"lib" is where python and ruby libraries go, even though technically
their bytecodes are architecture-independent too, this is probably
because "lib" has all the other
system libraries and its more confusing to make an exception.
Probably I am wrong, but I don't see all this importance about keeping
some files in .../share just because they are architecture independent.
I don't see any advantage in this convention; it would be more logical
if .../share contained files shareable by different applications on the
system (and, in fact, you find many of them: icons, fonts,
translations...). If so, then gambas libraries are not common to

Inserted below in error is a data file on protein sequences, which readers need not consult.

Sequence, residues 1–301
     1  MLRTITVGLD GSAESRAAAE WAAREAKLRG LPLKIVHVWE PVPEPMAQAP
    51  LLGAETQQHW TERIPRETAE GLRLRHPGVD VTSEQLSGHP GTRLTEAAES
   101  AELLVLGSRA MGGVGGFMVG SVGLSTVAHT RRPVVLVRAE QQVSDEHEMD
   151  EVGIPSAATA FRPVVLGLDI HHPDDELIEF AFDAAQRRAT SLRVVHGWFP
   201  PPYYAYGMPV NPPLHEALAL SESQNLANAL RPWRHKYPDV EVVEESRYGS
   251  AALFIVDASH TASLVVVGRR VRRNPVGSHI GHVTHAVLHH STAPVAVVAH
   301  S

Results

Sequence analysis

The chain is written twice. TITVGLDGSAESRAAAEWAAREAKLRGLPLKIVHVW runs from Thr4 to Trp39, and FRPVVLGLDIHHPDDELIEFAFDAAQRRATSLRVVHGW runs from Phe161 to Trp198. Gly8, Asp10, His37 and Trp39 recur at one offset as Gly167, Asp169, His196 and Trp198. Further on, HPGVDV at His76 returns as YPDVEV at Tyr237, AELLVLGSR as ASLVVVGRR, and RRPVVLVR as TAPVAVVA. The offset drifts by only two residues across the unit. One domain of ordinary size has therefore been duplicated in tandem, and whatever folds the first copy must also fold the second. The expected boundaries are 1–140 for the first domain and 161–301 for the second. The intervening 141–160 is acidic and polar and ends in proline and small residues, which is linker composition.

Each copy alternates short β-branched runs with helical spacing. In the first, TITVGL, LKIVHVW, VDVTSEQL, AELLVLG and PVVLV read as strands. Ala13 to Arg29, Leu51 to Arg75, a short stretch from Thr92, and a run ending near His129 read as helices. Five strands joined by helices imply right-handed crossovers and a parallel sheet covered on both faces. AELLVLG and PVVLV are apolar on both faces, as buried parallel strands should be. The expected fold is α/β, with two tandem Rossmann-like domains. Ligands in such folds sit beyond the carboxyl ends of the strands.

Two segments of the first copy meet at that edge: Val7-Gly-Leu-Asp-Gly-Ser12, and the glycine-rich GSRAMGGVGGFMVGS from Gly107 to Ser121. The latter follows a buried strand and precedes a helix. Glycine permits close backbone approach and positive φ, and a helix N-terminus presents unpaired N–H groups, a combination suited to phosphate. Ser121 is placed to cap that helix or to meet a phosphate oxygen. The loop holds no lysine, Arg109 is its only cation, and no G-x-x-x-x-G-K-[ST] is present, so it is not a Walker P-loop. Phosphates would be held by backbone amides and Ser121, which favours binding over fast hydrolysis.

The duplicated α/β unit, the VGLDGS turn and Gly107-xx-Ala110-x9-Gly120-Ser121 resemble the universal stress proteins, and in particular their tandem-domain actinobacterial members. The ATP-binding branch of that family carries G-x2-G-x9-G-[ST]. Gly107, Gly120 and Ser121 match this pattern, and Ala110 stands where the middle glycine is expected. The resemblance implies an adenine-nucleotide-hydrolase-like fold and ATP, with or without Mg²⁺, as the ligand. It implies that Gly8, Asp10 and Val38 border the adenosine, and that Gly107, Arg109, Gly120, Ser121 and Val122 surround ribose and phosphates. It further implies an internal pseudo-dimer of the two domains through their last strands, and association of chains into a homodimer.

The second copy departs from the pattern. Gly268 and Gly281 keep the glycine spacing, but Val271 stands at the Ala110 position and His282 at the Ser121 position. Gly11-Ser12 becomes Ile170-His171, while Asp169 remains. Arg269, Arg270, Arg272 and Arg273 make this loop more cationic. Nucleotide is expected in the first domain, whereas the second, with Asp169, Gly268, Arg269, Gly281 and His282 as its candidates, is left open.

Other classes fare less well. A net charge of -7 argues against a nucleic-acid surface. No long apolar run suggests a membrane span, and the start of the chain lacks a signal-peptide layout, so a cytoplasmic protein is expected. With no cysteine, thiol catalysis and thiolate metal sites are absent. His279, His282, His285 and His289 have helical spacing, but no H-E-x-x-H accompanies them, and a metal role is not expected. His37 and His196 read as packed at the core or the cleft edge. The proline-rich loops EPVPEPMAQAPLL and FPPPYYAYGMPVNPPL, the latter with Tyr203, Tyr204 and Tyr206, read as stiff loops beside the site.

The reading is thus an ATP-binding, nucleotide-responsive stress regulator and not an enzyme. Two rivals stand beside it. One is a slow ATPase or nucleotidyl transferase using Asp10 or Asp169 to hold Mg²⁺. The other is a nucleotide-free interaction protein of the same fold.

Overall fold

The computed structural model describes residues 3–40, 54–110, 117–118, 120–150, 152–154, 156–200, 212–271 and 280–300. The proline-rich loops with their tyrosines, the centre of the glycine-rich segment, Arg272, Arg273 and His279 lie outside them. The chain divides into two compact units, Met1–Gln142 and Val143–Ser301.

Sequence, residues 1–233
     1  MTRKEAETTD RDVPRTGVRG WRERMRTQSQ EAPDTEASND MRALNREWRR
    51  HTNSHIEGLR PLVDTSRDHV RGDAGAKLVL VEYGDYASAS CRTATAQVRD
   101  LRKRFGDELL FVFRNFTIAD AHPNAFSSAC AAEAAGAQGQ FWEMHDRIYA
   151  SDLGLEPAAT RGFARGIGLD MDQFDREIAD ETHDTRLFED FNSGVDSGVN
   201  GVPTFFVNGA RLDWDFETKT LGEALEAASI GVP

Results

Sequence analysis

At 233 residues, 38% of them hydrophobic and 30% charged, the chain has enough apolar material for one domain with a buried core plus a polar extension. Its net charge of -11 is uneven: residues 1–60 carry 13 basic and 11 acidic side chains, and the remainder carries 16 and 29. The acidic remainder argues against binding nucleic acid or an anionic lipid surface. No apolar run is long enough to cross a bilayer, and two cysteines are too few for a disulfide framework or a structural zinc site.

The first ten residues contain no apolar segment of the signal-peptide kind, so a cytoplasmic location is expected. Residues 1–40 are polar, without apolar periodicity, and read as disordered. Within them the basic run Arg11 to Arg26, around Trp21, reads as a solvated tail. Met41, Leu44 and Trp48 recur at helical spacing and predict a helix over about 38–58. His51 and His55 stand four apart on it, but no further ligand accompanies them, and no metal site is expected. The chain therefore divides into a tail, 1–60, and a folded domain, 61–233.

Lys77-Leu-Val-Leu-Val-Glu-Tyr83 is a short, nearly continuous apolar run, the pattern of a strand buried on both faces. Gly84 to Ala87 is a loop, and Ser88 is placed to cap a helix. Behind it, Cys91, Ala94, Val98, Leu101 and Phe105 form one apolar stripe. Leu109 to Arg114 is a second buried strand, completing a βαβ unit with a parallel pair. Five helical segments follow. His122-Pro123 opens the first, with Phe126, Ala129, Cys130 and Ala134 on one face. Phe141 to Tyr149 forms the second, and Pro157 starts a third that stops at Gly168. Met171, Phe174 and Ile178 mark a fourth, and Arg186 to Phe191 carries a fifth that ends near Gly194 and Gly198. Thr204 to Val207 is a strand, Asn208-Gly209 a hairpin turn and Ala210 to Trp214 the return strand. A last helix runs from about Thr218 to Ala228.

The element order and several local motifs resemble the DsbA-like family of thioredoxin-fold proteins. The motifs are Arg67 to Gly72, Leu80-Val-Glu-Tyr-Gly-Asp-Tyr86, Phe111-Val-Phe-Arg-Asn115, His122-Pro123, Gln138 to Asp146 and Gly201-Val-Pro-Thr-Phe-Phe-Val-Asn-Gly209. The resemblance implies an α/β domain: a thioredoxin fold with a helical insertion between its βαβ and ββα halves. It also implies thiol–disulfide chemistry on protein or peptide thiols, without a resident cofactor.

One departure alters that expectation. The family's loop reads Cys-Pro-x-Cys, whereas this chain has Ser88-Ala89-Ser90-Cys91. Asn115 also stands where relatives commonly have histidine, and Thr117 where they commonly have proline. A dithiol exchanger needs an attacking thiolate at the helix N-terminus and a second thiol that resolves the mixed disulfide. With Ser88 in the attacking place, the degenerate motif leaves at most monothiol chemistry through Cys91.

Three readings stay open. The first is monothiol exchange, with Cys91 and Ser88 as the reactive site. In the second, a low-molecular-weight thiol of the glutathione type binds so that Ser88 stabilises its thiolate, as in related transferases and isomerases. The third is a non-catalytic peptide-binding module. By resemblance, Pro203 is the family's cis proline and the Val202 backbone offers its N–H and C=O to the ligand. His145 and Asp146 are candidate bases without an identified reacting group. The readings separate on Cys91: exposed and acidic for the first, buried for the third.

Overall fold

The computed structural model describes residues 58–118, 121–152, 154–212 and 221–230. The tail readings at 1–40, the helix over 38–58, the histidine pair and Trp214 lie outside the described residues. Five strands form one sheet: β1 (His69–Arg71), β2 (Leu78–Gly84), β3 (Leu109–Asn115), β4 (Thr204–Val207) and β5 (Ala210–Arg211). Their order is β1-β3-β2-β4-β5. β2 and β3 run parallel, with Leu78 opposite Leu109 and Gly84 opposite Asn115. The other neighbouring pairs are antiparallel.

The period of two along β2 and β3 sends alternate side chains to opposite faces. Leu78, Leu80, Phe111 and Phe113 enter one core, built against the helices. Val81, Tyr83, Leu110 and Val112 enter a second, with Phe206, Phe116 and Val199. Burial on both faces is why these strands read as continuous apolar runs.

different applications - they are common to gbx3, and .../lib would be
more logical.
Post by Ian Haywood
Post by svitoos
I don't want to multiply the directories where libraries must be searched for
I think there is a good reason for the three directories suggested
above.
Post by Doriano Blengino
Post by Ian Haywood
It is important to search both /usr/ and /usr/local/ to provide a
clear separation between default libraries managed by the OS
installation system (apt-get, rpm, or whatever)
and third-party libraries installed by the system admin, plus it is
useful to have a third directory under $HOME so libraries can be
installed without being the superuser.
Ian
Agreed again.
And now a little curiosity: would be those libraries *true* executable?
They are.
Post by Doriano Blengino
I mean - I code a project with some class, and the main class contains
code to test the other ones. Then I can use the project as a library,